Local governments are in an era characterized by declining trust, increasing resource constraints, and increased risk. For these reasons GFOA has launched the Rethinking Revenue and Rethinking Budgeting initiatives. Part of the “rethinking” process is to ask questions and discover what is actually driving these processes and what provides value. Over time, status quo can stagnate while needs change. Similarly, we should be asking questions about financial reporting to determine if current practices are still meeting needs. For example, in a time of decreasing trust in government, we should ask if lengthy, technical financial reports that are published many months in arrears are the most effective way to build trust with government’s most important constituency: citizens. In a time of declining resources, we should ask if the finance officer’s time is well spent producing these reports, if, in fact, these reports are not the best way to provide accountability to the public. Government finance officers face substantial opportunity costs with their time. Time spent on general purpose external financial reports is time not spent on other forms of decision support and public engagement. For these reasons, we are now launching “Rethinking Financial Reporting.”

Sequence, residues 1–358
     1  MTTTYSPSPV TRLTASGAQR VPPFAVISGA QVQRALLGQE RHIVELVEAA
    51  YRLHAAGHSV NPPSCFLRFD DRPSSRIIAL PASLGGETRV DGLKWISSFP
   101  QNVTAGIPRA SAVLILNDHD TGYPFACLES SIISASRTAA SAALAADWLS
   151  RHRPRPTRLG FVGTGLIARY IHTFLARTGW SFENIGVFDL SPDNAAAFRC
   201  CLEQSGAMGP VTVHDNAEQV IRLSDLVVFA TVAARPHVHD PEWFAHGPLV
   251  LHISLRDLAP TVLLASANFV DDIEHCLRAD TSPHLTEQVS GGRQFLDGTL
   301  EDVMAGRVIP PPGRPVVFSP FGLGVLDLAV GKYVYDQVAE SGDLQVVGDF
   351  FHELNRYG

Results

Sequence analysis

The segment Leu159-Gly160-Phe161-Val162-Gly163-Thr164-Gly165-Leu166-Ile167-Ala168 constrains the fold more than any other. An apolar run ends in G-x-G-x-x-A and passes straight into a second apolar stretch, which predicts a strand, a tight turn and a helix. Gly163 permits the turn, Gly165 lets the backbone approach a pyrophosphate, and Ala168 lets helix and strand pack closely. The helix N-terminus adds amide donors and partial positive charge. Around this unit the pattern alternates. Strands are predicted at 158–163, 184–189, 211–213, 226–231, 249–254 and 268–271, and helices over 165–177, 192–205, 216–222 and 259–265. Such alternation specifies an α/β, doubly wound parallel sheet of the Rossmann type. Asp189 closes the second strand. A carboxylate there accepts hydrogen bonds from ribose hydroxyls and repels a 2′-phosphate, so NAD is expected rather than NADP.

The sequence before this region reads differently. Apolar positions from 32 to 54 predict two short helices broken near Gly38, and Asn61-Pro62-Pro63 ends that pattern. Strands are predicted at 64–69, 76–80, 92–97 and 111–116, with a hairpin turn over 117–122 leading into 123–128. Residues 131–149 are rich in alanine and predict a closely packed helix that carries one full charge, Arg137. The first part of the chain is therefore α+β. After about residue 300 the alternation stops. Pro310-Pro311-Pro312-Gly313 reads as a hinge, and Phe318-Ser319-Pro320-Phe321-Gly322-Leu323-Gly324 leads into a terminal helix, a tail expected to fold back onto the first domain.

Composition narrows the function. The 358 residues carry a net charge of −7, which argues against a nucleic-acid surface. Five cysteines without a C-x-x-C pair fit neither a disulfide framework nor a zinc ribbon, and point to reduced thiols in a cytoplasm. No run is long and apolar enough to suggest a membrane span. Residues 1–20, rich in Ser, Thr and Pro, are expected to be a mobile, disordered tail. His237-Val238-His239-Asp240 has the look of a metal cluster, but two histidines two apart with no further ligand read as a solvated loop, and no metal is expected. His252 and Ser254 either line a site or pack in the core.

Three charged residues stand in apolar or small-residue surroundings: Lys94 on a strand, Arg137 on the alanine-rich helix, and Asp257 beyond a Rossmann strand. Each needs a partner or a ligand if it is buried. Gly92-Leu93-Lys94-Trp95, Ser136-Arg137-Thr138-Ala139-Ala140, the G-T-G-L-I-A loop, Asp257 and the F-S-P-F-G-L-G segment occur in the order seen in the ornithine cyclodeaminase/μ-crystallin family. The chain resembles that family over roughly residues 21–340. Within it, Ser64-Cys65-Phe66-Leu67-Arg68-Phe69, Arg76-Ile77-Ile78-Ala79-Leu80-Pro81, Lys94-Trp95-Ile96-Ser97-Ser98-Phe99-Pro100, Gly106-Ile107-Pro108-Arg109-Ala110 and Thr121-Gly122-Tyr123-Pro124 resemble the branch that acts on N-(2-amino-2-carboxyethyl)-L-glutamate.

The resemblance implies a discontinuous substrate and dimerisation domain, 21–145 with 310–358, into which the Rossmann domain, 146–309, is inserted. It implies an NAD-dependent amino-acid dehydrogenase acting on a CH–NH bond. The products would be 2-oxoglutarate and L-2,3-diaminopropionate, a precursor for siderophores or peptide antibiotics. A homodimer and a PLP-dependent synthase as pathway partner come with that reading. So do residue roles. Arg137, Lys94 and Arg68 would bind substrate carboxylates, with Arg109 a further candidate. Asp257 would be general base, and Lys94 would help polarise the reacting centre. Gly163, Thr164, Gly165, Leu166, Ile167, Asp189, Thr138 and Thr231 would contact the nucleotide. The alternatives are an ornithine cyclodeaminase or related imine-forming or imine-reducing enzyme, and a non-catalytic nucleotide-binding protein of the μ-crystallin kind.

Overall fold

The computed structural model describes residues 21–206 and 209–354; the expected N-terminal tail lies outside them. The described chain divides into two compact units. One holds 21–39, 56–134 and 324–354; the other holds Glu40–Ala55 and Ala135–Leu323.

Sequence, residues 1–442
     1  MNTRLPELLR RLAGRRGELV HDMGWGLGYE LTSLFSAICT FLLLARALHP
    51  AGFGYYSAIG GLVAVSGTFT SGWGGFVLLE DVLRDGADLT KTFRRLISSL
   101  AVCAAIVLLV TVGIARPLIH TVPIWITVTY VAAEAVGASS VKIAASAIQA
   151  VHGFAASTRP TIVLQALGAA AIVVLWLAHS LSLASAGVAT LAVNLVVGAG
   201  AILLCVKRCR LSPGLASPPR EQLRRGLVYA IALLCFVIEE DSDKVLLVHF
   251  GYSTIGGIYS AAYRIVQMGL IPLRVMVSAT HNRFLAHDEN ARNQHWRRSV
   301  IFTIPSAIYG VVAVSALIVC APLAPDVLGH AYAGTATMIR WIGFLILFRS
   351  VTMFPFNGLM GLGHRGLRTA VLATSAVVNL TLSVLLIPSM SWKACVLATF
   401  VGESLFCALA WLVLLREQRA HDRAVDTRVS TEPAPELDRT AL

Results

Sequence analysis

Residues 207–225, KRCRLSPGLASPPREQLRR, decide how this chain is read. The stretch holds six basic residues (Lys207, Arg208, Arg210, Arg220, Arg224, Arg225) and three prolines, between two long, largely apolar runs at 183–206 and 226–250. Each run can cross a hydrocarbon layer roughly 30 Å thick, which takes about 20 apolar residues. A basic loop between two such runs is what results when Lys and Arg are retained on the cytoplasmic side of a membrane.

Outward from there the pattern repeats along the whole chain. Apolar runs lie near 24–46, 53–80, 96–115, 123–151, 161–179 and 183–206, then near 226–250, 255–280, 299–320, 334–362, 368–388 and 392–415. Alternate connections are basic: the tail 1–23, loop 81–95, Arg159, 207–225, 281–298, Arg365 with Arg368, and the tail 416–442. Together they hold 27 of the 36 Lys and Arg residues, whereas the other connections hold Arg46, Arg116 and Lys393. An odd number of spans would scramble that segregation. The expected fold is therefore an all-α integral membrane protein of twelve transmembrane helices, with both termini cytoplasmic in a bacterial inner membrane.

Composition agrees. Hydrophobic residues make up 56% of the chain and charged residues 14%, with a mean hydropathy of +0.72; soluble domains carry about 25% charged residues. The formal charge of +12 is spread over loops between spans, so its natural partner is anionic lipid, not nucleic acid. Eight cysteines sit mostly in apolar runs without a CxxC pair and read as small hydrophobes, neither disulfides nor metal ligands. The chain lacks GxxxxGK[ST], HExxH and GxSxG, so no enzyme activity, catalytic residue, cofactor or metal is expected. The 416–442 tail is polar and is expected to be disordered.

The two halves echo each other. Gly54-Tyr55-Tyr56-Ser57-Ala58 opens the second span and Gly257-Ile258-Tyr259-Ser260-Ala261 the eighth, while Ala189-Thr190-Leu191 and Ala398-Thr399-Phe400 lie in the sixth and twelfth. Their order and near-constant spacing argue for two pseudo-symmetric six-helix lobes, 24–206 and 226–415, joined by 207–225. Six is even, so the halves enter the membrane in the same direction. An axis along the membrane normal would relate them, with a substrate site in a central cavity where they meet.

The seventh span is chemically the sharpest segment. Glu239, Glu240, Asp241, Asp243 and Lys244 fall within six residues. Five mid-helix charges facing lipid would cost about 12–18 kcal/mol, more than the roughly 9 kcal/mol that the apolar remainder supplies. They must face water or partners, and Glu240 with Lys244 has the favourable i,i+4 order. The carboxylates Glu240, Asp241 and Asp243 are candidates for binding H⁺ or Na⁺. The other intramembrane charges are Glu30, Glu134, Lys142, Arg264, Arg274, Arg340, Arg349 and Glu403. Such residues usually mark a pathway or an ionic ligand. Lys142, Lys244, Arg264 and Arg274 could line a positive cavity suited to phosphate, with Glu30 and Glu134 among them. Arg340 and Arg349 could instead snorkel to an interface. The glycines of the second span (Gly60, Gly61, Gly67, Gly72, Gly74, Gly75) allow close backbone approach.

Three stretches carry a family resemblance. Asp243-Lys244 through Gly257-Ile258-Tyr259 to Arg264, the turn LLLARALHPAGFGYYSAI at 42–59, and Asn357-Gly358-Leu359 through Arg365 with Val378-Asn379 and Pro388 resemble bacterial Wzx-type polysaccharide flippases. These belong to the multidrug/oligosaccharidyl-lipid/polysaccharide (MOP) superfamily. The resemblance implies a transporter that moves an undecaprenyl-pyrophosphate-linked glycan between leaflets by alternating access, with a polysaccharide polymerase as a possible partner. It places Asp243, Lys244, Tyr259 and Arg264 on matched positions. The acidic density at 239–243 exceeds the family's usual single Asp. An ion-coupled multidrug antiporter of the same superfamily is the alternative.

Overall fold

GFOA’s next steps will follow the dictum “a problem well stated is a problem half solved.” This means we will conduct rigorous research on questions like: To what extent do financial reports inform decisions and policy making? What is the cost of compliance with GAAP accounting and reporting standards? What do citizens/taxpayers want to know about local government finance? How do they define accountability for the use of their tax dollars?
GFOA’s commitment to generally accepted accounting principles (GAAP) remains iron clad, as the consistency and comparability GAAP reporting offers is the best way for governments to meet their obligations to be accountable for the public resources they use to fulfill their public service missions. GFOA also supports financial reporting that is efficient and addresses the information needs of citizens, elected officials and other community stakeholders, and recognizes that current GAAP may not be the best way to achieve these objectives.
Now, we’d like to hear from the GFOA community. A fundamental question of Rethinking Financial Reporting is: “what are the benefits versus the costs of financial reporting?” In this spirit, we’d like to pose a few questions to members as a way to begin the conversation about Rethinking Financial Reporting.